Opinion: The future of your business depends on your financial knowledge
The American Management Association is the oldest training company in the United States. It was founded in 1926 and has trained over 10 million people. Of the 160 corporate seminars it offers to business owners, executives, managers and frontline supervisors, the most popular learning program is a two-day workshop titled “Fundamentals of Finance and accounting for non-financial managers â.
This program is not popular because it is the easiest to follow or the shortest (others do not require nightly homework as it does and usually last three or four days). It’s popular because it’s the most necessary training for business success for current and future leaders. To help you promote your career as a business owner or executive, you need to be able to “speak the language of business”. It involves controlling cash flow, understanding budgets, monitoring expenses, increasing income within existing or future staff levels, controlling costs, allocating assets, inventory and resources, and knowing how to read and interpret often interrelated financial reports.
People wishing to start a new business, especially those in need of a bank loan or an injection of venture capital, know that they need to develop a comprehensive business plan. But after getting funded, they pass the “financial stuff” on to someone else in the business, or worse, they ignore it until cash management and cash flow become problems. major for their survival. This is a common problem among business founders who describe themselves as “creative, technical, artistic, client-focused or relationship-oriented types” where their lack of financial sense outweighs other skills they consider more valuable.
If they don’t take ownership of the financial side of their business and rely on other employees – who may not be ethical or have a lot of numbers skills either – they run the risk of embezzlement. funds or financial ruin.
Many talented people who are new to running a business ignore the need to work ‘on the business’ and confuse it with working ‘in the business’. Both are necessary, but the former means they have to set regular schedules to do a thorough review of the company’s financial health – reviewing a reporting dashboard that should prompt them to make important decisions and even immediate. Too often, however, they focus on customer relations, sales, marketing, product research and development, hiring and managing employees, mainly because financial discussions are seen as tedious, confusing, stressful. or boring. In short, they are stepping out of their comfort zone.
They justify this reluctance or avoidance of regular financial reviews because it’s easier for them to spend their time doing the tasks they love – making money and interacting with co-workers, clients and clients – compared to those they don’t like. They rationalize the time they spend on marketing or product development as somehow more valuable than the time required for financial reviews.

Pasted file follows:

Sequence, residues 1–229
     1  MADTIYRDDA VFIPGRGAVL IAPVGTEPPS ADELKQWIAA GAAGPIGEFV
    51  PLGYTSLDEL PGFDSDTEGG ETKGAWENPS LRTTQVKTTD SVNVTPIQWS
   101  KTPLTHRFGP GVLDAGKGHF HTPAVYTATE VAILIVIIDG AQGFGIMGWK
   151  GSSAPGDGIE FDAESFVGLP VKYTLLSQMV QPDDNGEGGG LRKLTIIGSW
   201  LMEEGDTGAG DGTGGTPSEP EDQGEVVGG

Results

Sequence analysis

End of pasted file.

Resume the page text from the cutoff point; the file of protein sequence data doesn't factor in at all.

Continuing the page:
Ask any financial management professional – chartered financial planner, stock broker, accountant, or tax preparer – how often a married or cohabiting couple should sit down and review their income, expenses, budget , savings and investment plans. Their responses may range from once a week to once a month, but these discussions – with reports, bank statements, receipts, etc.
As an employee seeking a supervisory, managerial or leadership role, it is essential for your success to acquire basic financial statement knowledge. You need to understand a few things: the accrual accounting process, the accounting equation and what generally accepted accounting principles mean; liquidity, leverage and profitability through understanding cash flow; fixed, variable, overhead and break-even analysis; balance sheets and income statements; operating and investment budgets; employee and payroll tax reporting requirements; and return on investment for departments, projects and strategic plans.
And even if the company you work or lead for is not publicly traded, you still need to understand how capital markets work and how to read a company’s or competitor’s annual report.
There are many approaches to improving your financial literacy. Some suggestions: online courses given by training companies specializing in one-day or multi-day seminars; local or online college and university courses, refresher courses or certificate programs; or self-study programs offered by financial education associations or non-profit organizations.
Seek mentorship from finance professionals in your business. Get instruction, lesson plan, and supportive career advice from your CFO, CFO, CPA, or similar experts. They recognize the value of the data they create and interpret; they will want you to like it just as much.
Steve Albrecht is a Springfield-based human resources trainer, security consultant and employee coach. He can be contacted at firstname.lastname@example.org.